The Kwajalein Hourglass Wednesday, March 8, 2006 5 song dance to Ebeyeand a sound system in the community gymnasium. The students from Kwajalein and Ebeye were treated to songs and dances by some talent from Kwajalein High School. The atmosphere was one of excitement and enthusiasm as the audience clapped and sang along with the performers. “I feel I am really a part of something,” expressed Kwajalein High School student Ryan Wagner, who performed in the show, “if I could do this every weekend I would.” One crowd favorite was Sophomore Justin DeCoster who performed an outlandish dance to the delight of the students. “Justin was my favorite; he was very amusing,” said SDA student Jecia Angolok. “He was hilarious,” agreed her classmate Julian Helson. A few brave SDA students even ventured onstage to dance with DeCoster. Tademy recruited some of the SDA students to participate in a skit about making the right choices in life. He successfully entertained the crowd and snuck in a life lesson for all the youth who were watching. At the end of the show Tademy and Duffy both spoke to the students about the importance of friendship and community during rough times. “This is not a one-time event,” said Duffy expressing her desire for a bond among all the students. After the show everyone reconvened at SDA High School where the students got an opportunity to talk and share in their common experiences. The SDA Junior class sang a song for the Kwajalein High School students as a way of saying kommol tata. Before leaving, the Kwajalein visitors challenged the SDA students to put together a small show and come to Kwajalein to perform. At the end of the day Tademy summed up his feelings about the event saying, “Without the young people doing the work they wouldn’t bene t. They take on real life issues and make statements to others; they are doers rather than talkers.” The performance by the Kwajalalein teens was received by the Ebeye students with clapping, laughing and cheers. Danielle Gilmore, a seventh grade student from Kwajalein, performed.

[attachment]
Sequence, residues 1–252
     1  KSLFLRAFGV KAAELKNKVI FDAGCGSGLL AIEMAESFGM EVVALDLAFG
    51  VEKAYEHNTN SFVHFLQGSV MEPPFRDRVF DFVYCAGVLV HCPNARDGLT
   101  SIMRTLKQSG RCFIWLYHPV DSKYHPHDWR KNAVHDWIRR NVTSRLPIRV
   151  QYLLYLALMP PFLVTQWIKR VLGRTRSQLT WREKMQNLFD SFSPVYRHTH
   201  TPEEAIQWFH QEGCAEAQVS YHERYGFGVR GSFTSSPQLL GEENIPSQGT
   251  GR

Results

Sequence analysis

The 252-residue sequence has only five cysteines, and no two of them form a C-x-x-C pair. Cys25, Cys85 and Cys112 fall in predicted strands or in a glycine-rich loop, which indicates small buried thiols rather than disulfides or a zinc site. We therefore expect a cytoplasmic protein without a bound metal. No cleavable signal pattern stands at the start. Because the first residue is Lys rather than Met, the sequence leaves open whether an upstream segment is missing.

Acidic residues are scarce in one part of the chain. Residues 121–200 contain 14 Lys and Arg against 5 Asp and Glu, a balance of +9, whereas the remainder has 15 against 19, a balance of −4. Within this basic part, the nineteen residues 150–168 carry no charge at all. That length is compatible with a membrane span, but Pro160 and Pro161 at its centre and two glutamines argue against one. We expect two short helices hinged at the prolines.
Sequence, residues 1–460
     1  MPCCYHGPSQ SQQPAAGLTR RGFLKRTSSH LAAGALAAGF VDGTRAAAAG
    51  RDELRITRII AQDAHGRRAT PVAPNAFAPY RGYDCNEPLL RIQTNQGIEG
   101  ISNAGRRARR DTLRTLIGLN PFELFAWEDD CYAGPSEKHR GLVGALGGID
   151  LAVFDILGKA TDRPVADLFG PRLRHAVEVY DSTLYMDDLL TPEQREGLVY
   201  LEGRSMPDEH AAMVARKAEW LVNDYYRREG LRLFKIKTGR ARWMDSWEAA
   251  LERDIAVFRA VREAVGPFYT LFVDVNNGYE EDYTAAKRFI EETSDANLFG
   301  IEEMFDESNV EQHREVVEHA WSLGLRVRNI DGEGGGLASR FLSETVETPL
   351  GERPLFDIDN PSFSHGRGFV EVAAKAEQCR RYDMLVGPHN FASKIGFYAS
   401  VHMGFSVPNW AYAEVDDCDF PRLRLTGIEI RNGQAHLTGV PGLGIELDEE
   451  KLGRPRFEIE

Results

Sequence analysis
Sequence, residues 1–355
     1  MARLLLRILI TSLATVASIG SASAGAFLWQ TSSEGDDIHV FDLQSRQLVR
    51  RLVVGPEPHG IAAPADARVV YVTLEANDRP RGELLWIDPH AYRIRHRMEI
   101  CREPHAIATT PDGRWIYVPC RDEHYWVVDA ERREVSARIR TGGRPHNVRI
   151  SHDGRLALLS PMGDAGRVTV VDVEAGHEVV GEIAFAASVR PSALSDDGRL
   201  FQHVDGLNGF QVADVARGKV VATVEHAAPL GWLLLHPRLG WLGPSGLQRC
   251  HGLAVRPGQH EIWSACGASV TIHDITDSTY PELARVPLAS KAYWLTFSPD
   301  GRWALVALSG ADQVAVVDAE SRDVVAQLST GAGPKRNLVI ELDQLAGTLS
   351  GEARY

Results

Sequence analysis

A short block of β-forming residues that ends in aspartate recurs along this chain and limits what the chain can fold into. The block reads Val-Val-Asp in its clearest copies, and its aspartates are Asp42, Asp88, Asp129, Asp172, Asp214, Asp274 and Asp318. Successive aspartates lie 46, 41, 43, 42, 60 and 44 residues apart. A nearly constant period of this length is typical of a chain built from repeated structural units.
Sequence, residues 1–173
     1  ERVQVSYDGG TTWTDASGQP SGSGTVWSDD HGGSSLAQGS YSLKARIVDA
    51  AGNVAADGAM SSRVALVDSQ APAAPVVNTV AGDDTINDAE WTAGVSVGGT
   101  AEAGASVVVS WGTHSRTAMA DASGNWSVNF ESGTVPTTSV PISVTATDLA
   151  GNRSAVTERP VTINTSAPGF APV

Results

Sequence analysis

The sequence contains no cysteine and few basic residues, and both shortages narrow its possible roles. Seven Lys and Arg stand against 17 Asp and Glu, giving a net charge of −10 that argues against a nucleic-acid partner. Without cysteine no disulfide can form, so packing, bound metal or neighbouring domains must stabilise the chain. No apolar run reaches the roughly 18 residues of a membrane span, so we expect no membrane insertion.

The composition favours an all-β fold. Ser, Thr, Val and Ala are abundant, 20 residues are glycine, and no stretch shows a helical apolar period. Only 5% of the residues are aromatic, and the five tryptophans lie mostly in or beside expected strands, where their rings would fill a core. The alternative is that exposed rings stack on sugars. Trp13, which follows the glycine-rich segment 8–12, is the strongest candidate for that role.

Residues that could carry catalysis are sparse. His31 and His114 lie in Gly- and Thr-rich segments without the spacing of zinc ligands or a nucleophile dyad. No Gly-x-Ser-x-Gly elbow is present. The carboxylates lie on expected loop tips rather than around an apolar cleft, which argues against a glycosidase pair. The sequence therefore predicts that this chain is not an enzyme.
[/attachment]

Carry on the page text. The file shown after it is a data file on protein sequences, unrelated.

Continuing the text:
Wednesday, March 8, 2006 The Kwajalein Hourglassusual and unexplained weight loss. Screening is important for all men and women over 50 and earlier in people with inflammatory bowel disease or people with a close relative who has had colorectal polyps or colorectal cancer. Speak to your health care provider about fecal occult blood testing, colonoscopy and doublecontrast barium studies at Kwajalein Hospital. For more information, visit the CDC’s colorectal cancer Web site at: or the American Cancer Society’s Web site at: content/PED_1_5X_Ambassadors_ and_Allies.asp .6By Amanda Curtis, RN, and Inge LeBlanc, RN, CCRN Kwajalein HospitalMarch is National Colorectal Cancer Awareness Month. Colorectal cancer is found in the colon (large intestine) or rectum. During 2006, approximately 56,290 Americans will die from colorectal cancer, and an additional 145,290 new cases will be diagnosed. This makes it the second leading cause of cancer-related death in the United States according to The American Cancer Society’s Cancer facts and gures, 2005. When colorectal cancer is found early and treated, the 5-year relative survival rate is 90 percent but screening rates are low less than 40 percent of colorectal cancers are found early. U.S. Preventive Services Task Force estimates that 50-60 percent of colorectal cancer deaths can be prevented with routine screening. Screening includes yearly fecal occult blood test (testing for blood in the Taking care March is National Colorectal Cancer Awareness Monthstool) which can easily be performed at home, exible sigmoidoscopy every 5 years, colonoscopy every 10 years and double-contrast barium enema every 5 years. Sigmoidoscopy and colonoscopy are procedures in which a thin, exible, lighted viewing tube, a beroptic endoscope, is threaded up through the rectum to inspect the entire colon and rectum (colonoscopy) or the lower colon (sigmoidoscopy). If an abnormality is found a tissue sample can be taken for examination under a microscope. Double-contrast barium enema is a procedure in which liquid containing barium is put into the rectum and x-rays of the colon and rectum are taken. The compound outlines the colon and rectum and can show abnormalities. Signs and symptoms of colorectal polyps or cancer may include; blood in or on your stool, unexplained and frequent stomach pain or cramps, a change in bowel habits, such as having stools that are narrower than By Elizabeth Davie ReporterLooking for something fun to do? With little out-of-pocket expense snorkeling could be a fun and relaxing hobby. According to Ron Gamble, a scuba instructor, “Anyone can snorkel.” He added, “knowing/learning how to swim adds safety to any water sport.” Unlike scuba diving snorkeling requires no special permits or certi cations. “Essential items are ns, mask, snorkel, otation device and sun screen. These items can be obtained for less than $100 per set. Scuba divers or serious free divers will pay quite a bit more for higher performance equipment,” Gamble said. “You should always refer to the maps and rules in the Community and Safety Information section of the Kwajalein Telephone and Island Directory. This details where you can snorkel and if there are special restrictions. Some of the most popular snorkeling sites at Kwajalein are from Emon Beach to North Point, North Point toward Little Busterd and in the Japanese and American Pools on the oceanside of Kwajalein. Special attention should be paid to possible currents north of North Point and the pools are only open to snorkeling at low tide when no waves are breaking into the pools,” he added. U.S. Army regulation 385-9, Recreational Water Safety, has a few guidelines on snorkeling as well: • It is recommended that snorkelers and skin divers wear a oatation device snorkel vest or buoyancy compensator at all times • Floatation devices assist people who lack adequate swimming skills or who may get caught in currents or become fatigued while in the water. • A snorkel vest or buoyancy compensator must be worn when snorkeling or skin diving more than 100 feet from shore. • Walk-in oceanside snorkeling or skin diving is prohibited; skin diving or snorkeling from a boat is allowed on oceanside reefs. Snorkelers or skin divers are allowed in oceanside tidal pools during low tide periods. • During low tides, snorkelers or skin divers may choose to wear/not wear a oatation device while in a tidal pool. This risk decision is based on their personal swimming skills and on-site conditions. • When boat diving, snorkelers and skin divers must post a diver’s ag and remain within 300 feet of it. Snorkelers should expect to see many types of reef shes and corals, according to Gamble. “On a good day you might see a turtle, eel, octopus, sting ray or even a manta ray.” “Buddies are always recommended but you can sometimes snorkel with a shore watch,” he added.Snorkling offers water fun with little cost